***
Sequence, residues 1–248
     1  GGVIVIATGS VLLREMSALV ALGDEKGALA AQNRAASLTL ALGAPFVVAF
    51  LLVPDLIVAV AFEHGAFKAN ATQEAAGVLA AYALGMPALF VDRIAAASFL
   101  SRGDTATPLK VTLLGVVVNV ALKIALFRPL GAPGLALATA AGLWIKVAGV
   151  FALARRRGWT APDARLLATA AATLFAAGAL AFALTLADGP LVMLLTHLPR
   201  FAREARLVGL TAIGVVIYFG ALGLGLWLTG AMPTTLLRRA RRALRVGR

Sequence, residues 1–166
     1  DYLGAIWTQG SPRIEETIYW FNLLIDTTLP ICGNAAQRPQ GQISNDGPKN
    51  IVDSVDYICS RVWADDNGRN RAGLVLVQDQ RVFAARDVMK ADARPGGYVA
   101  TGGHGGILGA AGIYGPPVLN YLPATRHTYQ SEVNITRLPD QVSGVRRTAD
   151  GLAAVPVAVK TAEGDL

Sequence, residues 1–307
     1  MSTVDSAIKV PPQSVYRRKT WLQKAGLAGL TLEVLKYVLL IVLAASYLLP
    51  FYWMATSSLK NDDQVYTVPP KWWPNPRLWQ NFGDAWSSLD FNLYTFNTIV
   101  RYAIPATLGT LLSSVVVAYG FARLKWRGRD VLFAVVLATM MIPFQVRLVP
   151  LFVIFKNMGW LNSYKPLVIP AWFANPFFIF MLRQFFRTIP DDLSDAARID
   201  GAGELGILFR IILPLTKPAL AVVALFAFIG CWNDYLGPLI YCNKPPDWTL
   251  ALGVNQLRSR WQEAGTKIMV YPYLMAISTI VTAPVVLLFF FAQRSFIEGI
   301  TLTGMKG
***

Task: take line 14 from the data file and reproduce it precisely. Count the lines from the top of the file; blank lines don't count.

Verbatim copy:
    51  FYWMATSSLK NDDQVYTVPP KWWPNPRLWQ NFGDAWSSLD FNLYTFNTIV